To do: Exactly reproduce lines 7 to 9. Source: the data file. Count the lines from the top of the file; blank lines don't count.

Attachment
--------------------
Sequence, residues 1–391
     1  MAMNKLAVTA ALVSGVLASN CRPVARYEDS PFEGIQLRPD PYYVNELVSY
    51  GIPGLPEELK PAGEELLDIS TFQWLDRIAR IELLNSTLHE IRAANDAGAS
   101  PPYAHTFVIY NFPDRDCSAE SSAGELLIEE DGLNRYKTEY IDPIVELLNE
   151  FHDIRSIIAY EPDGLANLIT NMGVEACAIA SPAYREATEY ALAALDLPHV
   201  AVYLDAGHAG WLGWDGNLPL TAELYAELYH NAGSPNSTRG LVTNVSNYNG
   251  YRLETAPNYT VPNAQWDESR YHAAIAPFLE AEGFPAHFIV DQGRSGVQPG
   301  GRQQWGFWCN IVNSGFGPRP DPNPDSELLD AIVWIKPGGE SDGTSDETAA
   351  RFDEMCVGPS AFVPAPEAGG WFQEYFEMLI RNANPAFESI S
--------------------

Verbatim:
   251  YRLETAPNYT VPNAQWDESR YHAAIAPFLE AEGFPAHFIV DQGRSGVQPG
   301  GRQQWGFWCN IVNSGFGPRP DPNPDSELLD AIVWIKPGGE SDGTSDETAA
   351  RFDEMCVGPS AFVPAPEAGG WFQEYFEMLI RNANPAFESI S